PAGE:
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Tuesday, 8 June 1926

Senator GRANT (New South Wales) . - Any adjustment of the tariff presents almost insuperable difficulties. Some honorable senators have informed us that all their lives they have been protectionists; yet, even at- this late hour, they are unable to agree regarding what may be fairly termed a protectionist as against n revenue tariff. We have had a tariff in operation sufficiently long for honorable senators to have made up their minds. Of what use is it for honorable senators to say that this is a protective tariff when we know that every year the revenue from the Customs House is increasing? This year it will probably amount to £42,000,000. Some honorable senators still proclaim that they are protectionists, ignoring the fact that a protectionist tariff does not exclude foreign-made goods. It would appear that some among us have a suspicion that the tariff does, in fact, increase the price of the commodities that are taxed. A genuine protectionist does not admit that; but in the minds of Senator Kingsmill and others, the imposition of import duties not only increases the cost of the imported mining machinery, but may even have the effect of dealing a death-blow to an already harassed industry. Honorable senators who have been so consistent in their support of the Government have been afraid to call! for a division.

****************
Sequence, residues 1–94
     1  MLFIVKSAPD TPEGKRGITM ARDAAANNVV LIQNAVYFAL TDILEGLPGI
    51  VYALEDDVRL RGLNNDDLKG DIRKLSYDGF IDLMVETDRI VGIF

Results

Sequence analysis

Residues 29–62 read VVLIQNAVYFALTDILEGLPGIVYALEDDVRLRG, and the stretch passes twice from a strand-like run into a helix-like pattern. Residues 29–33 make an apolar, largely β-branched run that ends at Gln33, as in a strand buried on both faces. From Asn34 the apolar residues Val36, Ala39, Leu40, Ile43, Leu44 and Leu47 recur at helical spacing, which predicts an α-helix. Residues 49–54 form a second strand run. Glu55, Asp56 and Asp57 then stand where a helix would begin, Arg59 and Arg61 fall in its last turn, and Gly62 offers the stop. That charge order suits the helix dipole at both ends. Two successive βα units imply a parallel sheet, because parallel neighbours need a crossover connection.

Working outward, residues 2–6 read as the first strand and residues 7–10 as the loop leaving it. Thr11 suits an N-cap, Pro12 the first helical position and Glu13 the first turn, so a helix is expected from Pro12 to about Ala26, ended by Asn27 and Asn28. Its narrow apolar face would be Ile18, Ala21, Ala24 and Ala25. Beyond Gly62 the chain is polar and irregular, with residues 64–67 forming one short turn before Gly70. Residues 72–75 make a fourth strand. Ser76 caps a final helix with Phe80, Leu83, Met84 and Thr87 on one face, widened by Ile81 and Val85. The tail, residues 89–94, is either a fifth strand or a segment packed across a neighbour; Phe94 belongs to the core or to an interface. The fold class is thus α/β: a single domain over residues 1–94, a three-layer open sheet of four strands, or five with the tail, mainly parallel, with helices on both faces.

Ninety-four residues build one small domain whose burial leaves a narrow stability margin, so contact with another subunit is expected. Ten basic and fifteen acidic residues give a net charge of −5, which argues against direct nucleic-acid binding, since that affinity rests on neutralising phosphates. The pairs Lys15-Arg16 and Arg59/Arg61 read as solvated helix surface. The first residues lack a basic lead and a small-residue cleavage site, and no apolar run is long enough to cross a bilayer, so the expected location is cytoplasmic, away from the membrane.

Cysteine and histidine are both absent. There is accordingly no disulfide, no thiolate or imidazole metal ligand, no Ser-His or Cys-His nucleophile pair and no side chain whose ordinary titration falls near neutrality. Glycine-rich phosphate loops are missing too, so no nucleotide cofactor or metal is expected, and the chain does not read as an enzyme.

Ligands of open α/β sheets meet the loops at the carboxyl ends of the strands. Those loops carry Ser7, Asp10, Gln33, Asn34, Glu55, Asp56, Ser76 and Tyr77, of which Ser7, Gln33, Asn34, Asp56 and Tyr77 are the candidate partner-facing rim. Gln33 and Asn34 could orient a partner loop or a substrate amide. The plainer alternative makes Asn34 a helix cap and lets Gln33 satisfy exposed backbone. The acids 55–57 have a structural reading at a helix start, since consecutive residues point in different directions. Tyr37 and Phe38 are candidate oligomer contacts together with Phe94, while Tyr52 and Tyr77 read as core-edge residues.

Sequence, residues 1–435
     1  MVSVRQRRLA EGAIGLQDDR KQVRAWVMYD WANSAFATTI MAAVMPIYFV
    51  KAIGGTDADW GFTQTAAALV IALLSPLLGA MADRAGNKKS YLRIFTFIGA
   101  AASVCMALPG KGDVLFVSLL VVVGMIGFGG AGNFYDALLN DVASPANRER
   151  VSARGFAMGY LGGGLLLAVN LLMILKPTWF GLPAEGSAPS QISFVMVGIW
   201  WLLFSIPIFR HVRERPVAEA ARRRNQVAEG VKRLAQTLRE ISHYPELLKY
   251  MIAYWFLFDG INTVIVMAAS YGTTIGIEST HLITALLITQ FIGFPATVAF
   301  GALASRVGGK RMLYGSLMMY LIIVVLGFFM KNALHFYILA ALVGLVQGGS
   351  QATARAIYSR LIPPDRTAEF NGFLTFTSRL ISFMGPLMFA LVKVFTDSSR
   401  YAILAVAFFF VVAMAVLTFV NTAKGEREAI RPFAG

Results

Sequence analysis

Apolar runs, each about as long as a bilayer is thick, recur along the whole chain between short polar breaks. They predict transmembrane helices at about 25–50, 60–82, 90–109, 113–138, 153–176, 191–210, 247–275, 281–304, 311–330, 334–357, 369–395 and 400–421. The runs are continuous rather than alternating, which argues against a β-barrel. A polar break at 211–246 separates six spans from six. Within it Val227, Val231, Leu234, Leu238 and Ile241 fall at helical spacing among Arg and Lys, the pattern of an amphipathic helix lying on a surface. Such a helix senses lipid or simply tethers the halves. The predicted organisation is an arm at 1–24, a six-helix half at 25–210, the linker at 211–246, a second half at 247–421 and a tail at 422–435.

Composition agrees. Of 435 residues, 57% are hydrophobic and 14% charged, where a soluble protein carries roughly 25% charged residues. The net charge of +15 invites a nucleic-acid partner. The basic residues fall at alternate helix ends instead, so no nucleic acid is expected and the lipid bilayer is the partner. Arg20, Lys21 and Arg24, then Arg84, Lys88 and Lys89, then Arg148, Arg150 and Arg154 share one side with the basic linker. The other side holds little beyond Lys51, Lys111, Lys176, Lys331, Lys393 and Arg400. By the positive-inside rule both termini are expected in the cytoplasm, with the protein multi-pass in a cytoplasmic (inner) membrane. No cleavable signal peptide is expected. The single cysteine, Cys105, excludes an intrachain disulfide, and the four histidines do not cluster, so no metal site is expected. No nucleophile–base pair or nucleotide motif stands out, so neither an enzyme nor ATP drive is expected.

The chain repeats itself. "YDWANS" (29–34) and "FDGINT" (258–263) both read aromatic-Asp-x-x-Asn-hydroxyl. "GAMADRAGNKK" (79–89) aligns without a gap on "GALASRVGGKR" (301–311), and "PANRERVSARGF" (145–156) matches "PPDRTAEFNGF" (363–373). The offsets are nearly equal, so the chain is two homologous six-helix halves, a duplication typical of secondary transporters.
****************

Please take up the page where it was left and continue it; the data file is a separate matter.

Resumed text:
Senator Duncan - Is the honorable senator referring to the Deputy Leader of the Labour party (Senator Needham) ?

Senator GRANT - In this instance, the Deputy Leader of the party to which I belong is supporting Senators Kingsmill, Payne, and Lynch. He is entitled to do that; I shall not object so long as I am allowed the same freedom. Some time ago Parliament, after having considered the imposition of additional Customs duties, appointed a Tariff Board to weigh the evidence for and against the imposition of import duties, and to make recommendations. In this case, the Tariff Board recommended that the duty be increased to 40 per cent. I am delighted to find Senators Lynch, Kingsmill, Payne, and Thompson, all ardent supporters of the Government, getting what they deserve. They are being forced to swallow what the Government gives them.

Senator Thompson - If the honorable senator will help us, we shall not swallow this.

Senator GRANT - The honorable senators whom I have mentioned represent States where mining is an important industry. Yet the Government which they support is determined, presumably on the recommendation of the Tariff Board, to impose an additional 12-& per cent.duty on mining machinery. That Senator Kingsmill has described as a death-blow to the industry; although I doubt whether he believes what he says.

Senator Payne - Is the honorable senator in favour of decreasing the duty?

Senator GRANT - I am supporting the Government's proposal in preference to that advocated by some of its own supporters. Night after night Senators Kingsmill, Lynch, Payne, and Thompson have supported the Government in connexion with this tariff schedule. Now that they are being given some of their own medicine, they do not like it; they squeak and squirm and squeal in a disgraceful manner. If I were a supporter of a government which advocated a policy of this kind, I should tell it to go ahead; but I would not squeak in the way some honorable senators are doing.